As a self-admitted cynical loner, I find something endearing about a good old friendship story. But more and more, it seems like every story has to have romance in it somewhere. I get it...Romance makes things exciting! It gives the kids something to ship! It adds tension and conflict and maybe sexy times! And all of that is lovely, don't get me wrong. But I feel there's something to be said for the writer who can weave all of these things seamlessly into a different kind of story. (Well, okay, maybe not sexy times. That might be weird in a friendship story. Particularly this one!)
The Last Birdling is the tale of forbidden friendship between Tayo, a young archer, and Bimonia, a Birdling child. Humans and Birdlings have been at war for as long as anyone can remember, and Bimonia and her mother may be the last Birdlings in existence. But when Tayo and Bimonia meet, history doesn't stop the two of them from becoming instant friends. Both children know they must keep their encounter a secret, but with both of their worlds against them, will they be able to remain true to each other, or will they be torn apart?
Tayo and Bimonia, the main pair, seem completely different at first: Tayo is polite and dignified, while Bimonia is overeager and wild, and the two girls have a hard time understanding each other at first. But they develop a strong bond despite this, and they turn out to have a lot in common, most notably in how they relate to their respective mothers. Tayo's mother is a respected figure in the village and encourages her daughter's interest in archery, but her expectations are hard to fulfill. Bimonia's mother is overprotective (albeit with good reason since she and Bimonia are constantly in very real danger) and seeks to shelter her daughter from as much as possible, which ultimately serves to push her away. How Tayo and Bimonia develop, both separately and with each other, is largely influenced by their respective desires to please their mothers, and this also serves to pit the two girls against each other as time goes on. Because Tayo and Bimonia have both lost their fathers and have never had friends before meeting each other, they value their mother above any other person...until they meet each other, and this starts getting challenged. Combine all of that with the war and prejudice lurking in the background, and it makes for a compelling, multi-layered relationship that had me dying to know what was going to happen next.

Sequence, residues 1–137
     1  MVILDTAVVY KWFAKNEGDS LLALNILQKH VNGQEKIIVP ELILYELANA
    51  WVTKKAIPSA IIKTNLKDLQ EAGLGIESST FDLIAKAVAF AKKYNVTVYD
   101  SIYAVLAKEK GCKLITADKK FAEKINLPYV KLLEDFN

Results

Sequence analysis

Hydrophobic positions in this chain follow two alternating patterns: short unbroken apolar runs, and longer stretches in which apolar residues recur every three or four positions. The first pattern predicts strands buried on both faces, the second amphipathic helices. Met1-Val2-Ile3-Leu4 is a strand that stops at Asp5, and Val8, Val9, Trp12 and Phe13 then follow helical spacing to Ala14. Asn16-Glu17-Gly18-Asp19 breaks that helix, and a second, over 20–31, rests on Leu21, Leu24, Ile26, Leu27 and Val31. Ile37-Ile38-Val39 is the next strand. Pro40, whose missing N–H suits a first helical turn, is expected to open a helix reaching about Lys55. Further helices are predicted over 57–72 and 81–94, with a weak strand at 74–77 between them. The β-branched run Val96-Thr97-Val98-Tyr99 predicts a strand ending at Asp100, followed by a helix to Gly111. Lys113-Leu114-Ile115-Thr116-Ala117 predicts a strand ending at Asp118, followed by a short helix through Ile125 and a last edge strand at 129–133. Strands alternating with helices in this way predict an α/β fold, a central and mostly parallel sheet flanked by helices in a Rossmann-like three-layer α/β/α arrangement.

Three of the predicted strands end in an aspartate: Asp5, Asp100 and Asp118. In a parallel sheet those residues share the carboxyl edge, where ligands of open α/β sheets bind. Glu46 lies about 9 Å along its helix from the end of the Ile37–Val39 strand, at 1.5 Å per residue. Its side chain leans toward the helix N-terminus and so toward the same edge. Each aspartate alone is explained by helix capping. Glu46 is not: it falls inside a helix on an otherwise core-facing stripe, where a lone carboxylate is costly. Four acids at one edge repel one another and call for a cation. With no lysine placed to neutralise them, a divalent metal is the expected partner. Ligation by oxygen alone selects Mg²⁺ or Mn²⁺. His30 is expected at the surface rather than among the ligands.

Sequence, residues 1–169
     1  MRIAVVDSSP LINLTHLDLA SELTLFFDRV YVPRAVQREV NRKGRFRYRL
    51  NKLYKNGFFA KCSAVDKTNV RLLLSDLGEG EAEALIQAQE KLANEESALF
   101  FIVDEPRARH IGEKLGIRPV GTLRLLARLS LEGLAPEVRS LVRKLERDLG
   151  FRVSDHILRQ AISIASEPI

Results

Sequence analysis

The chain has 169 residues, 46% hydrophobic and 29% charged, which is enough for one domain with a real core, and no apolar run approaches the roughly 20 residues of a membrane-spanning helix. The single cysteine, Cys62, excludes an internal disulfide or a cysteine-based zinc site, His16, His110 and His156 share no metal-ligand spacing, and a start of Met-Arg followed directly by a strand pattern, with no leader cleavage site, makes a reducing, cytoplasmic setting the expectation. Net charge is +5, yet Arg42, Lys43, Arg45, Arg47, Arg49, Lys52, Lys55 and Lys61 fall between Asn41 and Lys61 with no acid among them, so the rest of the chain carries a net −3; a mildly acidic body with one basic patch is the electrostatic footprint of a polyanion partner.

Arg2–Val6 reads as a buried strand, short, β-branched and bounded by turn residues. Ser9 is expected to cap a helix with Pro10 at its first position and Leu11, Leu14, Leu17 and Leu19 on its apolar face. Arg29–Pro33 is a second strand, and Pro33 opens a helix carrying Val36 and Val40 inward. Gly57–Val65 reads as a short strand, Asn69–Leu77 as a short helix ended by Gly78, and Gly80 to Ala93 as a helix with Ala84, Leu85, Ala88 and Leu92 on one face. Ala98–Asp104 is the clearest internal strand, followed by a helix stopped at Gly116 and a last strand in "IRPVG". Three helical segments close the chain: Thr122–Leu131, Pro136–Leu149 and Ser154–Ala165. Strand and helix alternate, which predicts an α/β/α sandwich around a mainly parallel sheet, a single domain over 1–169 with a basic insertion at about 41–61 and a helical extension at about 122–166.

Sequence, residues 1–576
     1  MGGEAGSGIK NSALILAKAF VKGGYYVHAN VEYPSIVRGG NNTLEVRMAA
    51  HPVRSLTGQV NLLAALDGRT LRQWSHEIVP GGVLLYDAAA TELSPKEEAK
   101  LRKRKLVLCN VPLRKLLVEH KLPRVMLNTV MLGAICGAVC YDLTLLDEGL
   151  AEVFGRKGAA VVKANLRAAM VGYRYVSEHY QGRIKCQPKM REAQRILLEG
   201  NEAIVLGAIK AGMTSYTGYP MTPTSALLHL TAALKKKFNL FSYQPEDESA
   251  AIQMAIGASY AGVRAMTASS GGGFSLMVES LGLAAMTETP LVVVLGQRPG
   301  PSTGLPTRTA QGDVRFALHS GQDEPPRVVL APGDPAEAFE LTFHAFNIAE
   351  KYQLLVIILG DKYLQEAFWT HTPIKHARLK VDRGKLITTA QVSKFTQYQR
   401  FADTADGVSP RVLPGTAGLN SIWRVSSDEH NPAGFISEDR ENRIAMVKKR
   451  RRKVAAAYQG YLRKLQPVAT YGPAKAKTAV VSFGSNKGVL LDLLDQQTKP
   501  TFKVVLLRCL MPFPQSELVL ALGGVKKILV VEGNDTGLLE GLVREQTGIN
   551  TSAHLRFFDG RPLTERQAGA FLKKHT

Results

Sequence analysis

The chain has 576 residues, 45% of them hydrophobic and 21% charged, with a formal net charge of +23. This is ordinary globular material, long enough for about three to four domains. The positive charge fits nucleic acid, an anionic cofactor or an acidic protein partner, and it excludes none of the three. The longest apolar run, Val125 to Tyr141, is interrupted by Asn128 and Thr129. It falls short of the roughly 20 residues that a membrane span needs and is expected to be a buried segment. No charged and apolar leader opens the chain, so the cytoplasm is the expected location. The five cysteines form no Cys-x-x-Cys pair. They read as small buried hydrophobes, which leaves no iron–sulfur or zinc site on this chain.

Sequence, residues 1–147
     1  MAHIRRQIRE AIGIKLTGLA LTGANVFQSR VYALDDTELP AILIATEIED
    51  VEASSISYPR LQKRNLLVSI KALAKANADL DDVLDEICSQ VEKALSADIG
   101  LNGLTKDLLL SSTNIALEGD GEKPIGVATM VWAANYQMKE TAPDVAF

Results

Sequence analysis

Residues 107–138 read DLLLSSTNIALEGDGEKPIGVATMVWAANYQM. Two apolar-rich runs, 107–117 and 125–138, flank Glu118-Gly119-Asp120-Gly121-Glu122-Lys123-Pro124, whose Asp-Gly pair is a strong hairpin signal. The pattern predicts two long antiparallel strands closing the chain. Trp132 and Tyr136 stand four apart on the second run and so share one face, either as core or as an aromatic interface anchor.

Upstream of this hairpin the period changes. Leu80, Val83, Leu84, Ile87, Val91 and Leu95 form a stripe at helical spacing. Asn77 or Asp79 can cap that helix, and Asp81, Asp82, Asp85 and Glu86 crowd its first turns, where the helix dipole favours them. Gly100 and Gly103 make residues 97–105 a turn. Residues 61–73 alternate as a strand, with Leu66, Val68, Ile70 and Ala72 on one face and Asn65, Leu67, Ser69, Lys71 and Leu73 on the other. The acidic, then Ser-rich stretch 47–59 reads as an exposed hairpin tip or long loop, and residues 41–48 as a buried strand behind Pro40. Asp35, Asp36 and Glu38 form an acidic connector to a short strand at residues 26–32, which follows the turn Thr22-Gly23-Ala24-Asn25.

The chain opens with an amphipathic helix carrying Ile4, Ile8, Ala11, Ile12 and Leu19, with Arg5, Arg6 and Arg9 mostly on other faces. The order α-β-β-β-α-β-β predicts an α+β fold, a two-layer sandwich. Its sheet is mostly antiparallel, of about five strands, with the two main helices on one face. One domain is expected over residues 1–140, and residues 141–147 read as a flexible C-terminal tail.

The setting is well-developed, if a bit typical for a fantasy story. Most of the lore surrounding Birdlings is kept in the form of a glossary feature similar to the one used in the English localization of Clannad. It helps build up the world in a way that couldn't have been easily done in the story (since humans know very little about Birdlings) and it's actually kind of fun to go back and learn more about Bimonia's species. The one thing that does confuse me about the game's setting is the language. It's clear that there isn't any modern technology to be found, and yet characters use words like “pervert” here and there. To be fair, I don't know how far back the word “pervert” was invented (and no I am not going to go looking that up), so maybe it's accurate, but it just feels off to me.